Actualizado: 2 de abr de 2020
The sunspot called AR 2529 came into view on April 7, 2016. The photograph shows his status on April 9. Sunspots are regions of very high magnetic activity. In this case, the stain is of enormous dimensions, larger than the diameter of the earth. The dark zone measures more than 20,000 km.
Photo on 4/9/2016 from Majadahonda, Madrid (Spain)
Sunspots can cause solar flares, more or less likely depending on the shape of the magnetic field. Stain AR 2529 promised little chance of explosion, but finally erupted on April 18 causing a solar flare of class M6.7 (classes are A, B, C, M and X from lowest to highest activity) which implies an intensity of 6.2x10e-5 W / m2.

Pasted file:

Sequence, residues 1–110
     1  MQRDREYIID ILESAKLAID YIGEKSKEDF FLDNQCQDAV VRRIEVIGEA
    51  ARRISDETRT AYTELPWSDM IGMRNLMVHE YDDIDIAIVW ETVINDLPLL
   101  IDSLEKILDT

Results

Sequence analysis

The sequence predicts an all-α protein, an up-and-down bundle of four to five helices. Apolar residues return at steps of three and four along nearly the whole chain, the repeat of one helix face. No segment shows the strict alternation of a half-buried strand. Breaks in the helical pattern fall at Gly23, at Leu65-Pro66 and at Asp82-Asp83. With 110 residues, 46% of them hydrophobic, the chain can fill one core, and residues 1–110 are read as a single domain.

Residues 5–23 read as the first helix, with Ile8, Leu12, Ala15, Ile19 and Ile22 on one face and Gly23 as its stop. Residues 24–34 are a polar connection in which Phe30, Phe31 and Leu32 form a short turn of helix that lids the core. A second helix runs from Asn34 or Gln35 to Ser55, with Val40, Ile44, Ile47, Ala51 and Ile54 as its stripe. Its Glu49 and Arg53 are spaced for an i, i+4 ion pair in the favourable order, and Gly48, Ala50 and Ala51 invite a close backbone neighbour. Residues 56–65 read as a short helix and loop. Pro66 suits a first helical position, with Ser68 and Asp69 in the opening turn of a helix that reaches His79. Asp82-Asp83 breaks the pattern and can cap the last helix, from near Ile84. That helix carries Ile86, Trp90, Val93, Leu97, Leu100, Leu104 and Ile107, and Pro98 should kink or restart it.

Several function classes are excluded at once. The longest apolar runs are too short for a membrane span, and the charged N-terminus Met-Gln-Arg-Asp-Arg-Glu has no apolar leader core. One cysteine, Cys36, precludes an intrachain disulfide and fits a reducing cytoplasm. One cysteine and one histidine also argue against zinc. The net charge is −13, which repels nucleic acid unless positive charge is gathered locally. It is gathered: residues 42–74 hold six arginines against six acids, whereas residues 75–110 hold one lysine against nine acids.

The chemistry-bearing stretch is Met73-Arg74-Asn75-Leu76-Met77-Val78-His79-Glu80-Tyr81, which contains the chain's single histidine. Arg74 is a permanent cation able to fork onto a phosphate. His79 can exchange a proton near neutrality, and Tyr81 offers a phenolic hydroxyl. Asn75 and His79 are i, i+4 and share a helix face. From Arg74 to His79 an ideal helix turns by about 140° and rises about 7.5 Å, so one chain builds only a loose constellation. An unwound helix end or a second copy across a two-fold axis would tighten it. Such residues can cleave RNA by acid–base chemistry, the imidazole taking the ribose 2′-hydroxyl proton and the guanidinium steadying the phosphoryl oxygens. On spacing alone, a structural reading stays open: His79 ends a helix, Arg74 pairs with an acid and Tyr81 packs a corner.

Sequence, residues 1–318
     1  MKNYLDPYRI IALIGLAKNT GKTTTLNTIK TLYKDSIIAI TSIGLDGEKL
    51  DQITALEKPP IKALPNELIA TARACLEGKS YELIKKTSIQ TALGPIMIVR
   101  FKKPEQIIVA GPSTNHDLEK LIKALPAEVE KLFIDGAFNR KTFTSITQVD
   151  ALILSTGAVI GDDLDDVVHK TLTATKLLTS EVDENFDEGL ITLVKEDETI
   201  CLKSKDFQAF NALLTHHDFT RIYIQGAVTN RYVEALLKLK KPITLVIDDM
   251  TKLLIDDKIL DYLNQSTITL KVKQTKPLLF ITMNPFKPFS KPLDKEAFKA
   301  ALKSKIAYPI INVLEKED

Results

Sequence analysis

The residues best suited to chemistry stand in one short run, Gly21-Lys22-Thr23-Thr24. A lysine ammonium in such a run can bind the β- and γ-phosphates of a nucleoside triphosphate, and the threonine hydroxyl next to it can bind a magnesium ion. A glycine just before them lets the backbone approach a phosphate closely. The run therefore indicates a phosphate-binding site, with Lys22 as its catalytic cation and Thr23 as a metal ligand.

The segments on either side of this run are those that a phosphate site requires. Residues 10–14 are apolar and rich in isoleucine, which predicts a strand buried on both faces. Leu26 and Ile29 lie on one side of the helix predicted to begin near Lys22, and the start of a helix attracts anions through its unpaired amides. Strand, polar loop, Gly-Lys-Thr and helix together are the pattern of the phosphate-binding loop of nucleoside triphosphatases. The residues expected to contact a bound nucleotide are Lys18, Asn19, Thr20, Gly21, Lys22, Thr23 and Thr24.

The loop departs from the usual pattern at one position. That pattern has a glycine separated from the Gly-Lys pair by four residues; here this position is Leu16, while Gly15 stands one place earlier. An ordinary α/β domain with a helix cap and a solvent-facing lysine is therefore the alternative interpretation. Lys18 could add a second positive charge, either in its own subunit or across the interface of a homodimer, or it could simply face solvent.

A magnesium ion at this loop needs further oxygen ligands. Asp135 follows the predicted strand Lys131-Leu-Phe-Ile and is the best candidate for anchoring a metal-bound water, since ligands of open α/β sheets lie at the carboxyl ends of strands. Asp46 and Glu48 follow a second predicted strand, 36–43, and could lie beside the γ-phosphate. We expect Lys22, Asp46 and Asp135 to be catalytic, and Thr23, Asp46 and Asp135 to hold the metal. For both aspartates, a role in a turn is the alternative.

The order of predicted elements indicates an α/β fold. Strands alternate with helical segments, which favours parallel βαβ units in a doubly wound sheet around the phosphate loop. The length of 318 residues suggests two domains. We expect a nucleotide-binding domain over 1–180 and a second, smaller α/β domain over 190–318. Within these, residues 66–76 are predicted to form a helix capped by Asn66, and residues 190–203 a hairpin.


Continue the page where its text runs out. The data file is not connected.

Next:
NASA's Solar Dynamics Observatory recorded the extreme ultraviolet flash of the flare. A pulse of UV radiation from the flare ionized the upper part of Earth's atmosphere and interrupted shortwave radio communications on the light side of our planet.
This is a picture of the giant spot the day before the solar storm:
Photo taken on 4/17/2016 from Majadahonda, Madrid (Spain)